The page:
How many megaliter in 1 centilitre?
The answer is 1.0E-8.
We assume you are converting between megaliter and centiliter.
You can view more details on each measurement unit: megaliter or
centilitre
The SI derived unit for volume is the cubic meter.
1 cubic meter is equal to 0.001 megaliter, or 100000 centilitre.
Note that rounding errors may occur, so always check the results.
Use this page to learn how to convert between megaliters and centiliters.
Type in your own numbers in the form to convert the units!

››Quick conversion chart of megaliter to centilitre

1 megaliter to centilitre = 100000000 centilitre

2 megaliter to centilitre = 200000000 centilitre

3 megaliter to centilitre = 300000000 centilitre

4 megaliter to centilitre = 400000000 centilitre

5 megaliter to centilitre = 500000000 centilitre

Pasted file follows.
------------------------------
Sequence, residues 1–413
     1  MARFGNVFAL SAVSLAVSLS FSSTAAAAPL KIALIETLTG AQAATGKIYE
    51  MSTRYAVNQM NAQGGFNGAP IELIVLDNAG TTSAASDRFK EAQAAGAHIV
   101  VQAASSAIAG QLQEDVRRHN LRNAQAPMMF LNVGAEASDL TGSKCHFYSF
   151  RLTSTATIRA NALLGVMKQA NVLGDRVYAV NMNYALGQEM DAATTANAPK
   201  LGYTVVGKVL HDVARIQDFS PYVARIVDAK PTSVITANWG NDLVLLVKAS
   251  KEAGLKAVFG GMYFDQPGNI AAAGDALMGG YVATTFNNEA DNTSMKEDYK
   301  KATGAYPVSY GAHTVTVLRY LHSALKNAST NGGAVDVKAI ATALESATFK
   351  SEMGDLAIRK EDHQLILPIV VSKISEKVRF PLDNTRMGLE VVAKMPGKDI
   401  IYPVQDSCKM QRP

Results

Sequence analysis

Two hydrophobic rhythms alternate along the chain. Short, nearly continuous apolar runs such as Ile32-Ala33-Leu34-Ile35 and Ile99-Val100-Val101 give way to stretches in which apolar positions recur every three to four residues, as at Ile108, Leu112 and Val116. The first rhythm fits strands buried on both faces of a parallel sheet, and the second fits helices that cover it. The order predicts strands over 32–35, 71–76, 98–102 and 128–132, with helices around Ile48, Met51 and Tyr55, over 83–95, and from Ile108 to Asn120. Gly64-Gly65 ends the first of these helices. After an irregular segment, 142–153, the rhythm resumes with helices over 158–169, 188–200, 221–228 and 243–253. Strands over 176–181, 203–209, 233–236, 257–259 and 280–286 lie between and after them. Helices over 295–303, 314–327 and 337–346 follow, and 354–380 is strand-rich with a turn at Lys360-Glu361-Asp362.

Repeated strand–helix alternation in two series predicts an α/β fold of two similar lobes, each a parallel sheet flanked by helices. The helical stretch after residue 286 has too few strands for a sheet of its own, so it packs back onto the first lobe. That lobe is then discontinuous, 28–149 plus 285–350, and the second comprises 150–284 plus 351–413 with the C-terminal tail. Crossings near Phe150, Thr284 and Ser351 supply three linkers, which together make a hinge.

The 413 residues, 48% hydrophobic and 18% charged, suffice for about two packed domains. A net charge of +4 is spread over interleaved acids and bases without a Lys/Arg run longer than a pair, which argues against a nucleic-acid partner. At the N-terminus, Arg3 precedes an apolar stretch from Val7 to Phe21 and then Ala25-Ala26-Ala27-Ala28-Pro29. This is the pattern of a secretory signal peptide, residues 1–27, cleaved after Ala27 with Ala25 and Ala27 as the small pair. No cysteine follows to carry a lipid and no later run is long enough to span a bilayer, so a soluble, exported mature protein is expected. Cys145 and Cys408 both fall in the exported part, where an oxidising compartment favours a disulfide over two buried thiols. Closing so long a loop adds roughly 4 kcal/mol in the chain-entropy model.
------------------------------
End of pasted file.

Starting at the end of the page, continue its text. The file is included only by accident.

6 megaliter to centilitre = 600000000 centilitre

7 megaliter to centilitre = 700000000 centilitre

8 megaliter to centilitre = 800000000 centilitre

9 megaliter to centilitre = 900000000 centilitre

10 megaliter to centilitre = 1000000000 centilitre

››Want other units?

You can do the reverse unit conversion from
centilitre to megaliter, or enter any two units below:

A megalitre (Ml or alternatively ML), also spelled megaliter, is one million (1,000,000) litres in the metric system. It is not recognised as an SI unit, but as one of the "non-SI units accepted for use with" SI. The SI equivalent is 1000 m³.

››Definition: Centilitre

A centilitre (cL or cl) a metric unit of volume that is equal to one hundredth of a litre and is equal to a little more than six tenths (0.6102) of acubic inch, or one third (0.338) of a fluid ounce.

››Metric conversions and more

ConvertUnits.com provides an online
conversion calculator for all types of measurement units.
You can find metric conversion tables for SI units, as well
as English units, currency, and other data. Type in unit
symbols, abbreviations, or full names for units of length,
area, mass, pressure, and other types. Examples include mm,
inch, 100 kg, US fluid ounce, 6'3", 10 stone 4, cubic cm,
metres squared, grams, moles, feet per second, and many more!